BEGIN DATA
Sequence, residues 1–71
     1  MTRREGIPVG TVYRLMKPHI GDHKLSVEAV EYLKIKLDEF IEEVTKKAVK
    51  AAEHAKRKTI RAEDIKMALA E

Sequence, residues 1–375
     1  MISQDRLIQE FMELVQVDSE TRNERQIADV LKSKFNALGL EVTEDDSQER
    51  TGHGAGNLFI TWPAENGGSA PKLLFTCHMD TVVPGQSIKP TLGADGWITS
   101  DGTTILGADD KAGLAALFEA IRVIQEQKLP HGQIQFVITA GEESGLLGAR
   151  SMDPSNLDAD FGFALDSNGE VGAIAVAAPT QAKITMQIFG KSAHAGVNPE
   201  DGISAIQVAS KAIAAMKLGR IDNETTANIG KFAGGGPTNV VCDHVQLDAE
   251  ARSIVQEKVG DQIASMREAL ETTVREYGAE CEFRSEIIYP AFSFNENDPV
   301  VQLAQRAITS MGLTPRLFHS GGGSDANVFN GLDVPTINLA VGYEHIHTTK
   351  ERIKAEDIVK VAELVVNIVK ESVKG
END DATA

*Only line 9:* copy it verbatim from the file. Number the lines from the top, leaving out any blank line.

   201  DGISAIQVAS KAIAAMKLGR IDNETTANIG KFAGGGPTNV VCDHVQLDAE